I first read the book when I was in my late teens. Back then I had never read any travel books, my usual literary diet being war stories and westerns, but I remember a trip into town on a rainy Saturday afternoon and a mooch round Easons, our local Belfast bookstore. I was scanning the vast array of paperbacks on the shelves when my eye caught the glint of something unusual; a garish purple-covered title with this moustachioed guy straddling the motorcycle on its sidestand on an apple-crumbled desert road. The guy looked like a gunslinger in a spaghetti western minus the poncho. The title itself held further intrigue; “Jupiter’s Travels”, what was all that about? I purchased a copy on impulse to find out…
At around the same time, my girl Maggie and I had just pooled our ‘life’ savings to buy a little Kawasaki Z200. We eagerly digested this new volume and our young minds were inflamed with possibilities like no book has ever done before or since. Our next trip to Easons was to the map section where we purchased a map of Europe and spent the next few weeks pouring over it to see how far we could go. A couple of ferry tickets and we left our island home to begin a journey of discovery and began learning that there are many more jewels than emeralds in this world.
38 years later, on the anniversary of Ted’s departure, we have joined a hardcore element of motorcycle travellers in the Coventry Transport Museum for the launch of the ‘Ted Simon Foundation’ and to recognise the impact that “Jupiter’s Travels” has had on our collective lives. Mingling with the crowd I hear a few nervous Hobbits questioning why we are all here as it hasn’t been made too clear around the Shire what this is all about…
There is a generation gathered in Coventry tonight, a generation where teenage spots and endless enthusiasm have been replaced by grey beards and hard-drawn experience. The ‘Ted Simon Foundation’ aims to utilise this maturing process and direct it to encourage and promote future travellers, not by funding new trips but by providing assistance to voyagers seeking to record and publish their experiences. These experiences are all unique (there is no boilerplate for this sort of stuff) and it is important to try and capture them.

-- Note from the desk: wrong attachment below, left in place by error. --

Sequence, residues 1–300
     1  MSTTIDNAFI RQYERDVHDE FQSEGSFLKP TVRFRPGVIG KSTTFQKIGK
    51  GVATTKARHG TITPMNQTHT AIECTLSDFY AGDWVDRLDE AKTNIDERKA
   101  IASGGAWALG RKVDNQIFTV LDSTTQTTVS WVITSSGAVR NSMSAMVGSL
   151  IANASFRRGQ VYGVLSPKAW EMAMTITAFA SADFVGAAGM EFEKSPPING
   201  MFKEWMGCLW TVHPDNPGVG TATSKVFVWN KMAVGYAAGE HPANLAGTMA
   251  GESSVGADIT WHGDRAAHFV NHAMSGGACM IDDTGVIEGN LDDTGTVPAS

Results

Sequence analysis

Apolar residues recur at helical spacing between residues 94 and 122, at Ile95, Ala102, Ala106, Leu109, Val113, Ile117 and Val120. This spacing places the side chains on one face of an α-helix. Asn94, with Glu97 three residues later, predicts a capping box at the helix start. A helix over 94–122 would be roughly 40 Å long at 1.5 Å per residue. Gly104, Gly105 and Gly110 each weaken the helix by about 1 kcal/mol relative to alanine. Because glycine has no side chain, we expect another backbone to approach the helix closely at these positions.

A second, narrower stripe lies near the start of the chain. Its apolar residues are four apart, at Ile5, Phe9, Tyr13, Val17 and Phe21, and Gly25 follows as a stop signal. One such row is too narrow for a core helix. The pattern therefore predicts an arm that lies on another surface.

In our own case, we well understand the complexities of trying to get ‘Adventures in Yellow’ published. We returned from Alaska in 2006 yet it took five frustrating years to release our title, five years as unknown prospects treading the torturous maze that is the publishing mine-field. Persistence and a touch of good fortune led us to success but we both realise how close it was at times to never happening and shudder to think that our journey could have easily faded to just a memory and our experience diminished.
Publishing was important to us too, not just to record the story, but to carry on the torch lit by “Jupiter’s Travels” and inspire others to do the same. The Foundation has access to a veteran hardcore of experienced and successful travel writers and film producers and therefore aims to unite future prospects with grizzled mentors to guide them through these twisting paths and successfully capture their stories.
Successful prospects will be known as “Jupiter’s Travellers” and we were introduced to the first batch tonight. A few of the dozen were known to us already. Bernard Smith and Cathy Birchall at http://worldtour.org.uk/ recently completed a round the world trip on their 18-year-old BMW R100RT. What is incredible is that Cathy is blind so what must the world seem like to someone with this impairment? Henry Nottage has ridden a Cagiva Elephant to the ‘Stans and back and is currently planning to ride a Domino’s Pizza delivery bike across the Sahara for charity (see www.bamokoorbust.com). With the other “Jupiter’s Travellers” they all have great tales to tell and now the Foundation is here to help.
The inauguration event in Coventry was a great evening out, although I guess any event meeting your hero and inspiration is bound to be. Ted is in his eighties now and still doing what he’s always done best: inspiring us all, this time with the hope that we can be as active and sprightly when we reach that age. I hope that the “Jupiter’s Travellers” will benefit for years to come from this ‘Ted Simon Foundation’, but let us never forget for one minute that Ted is the Foundation.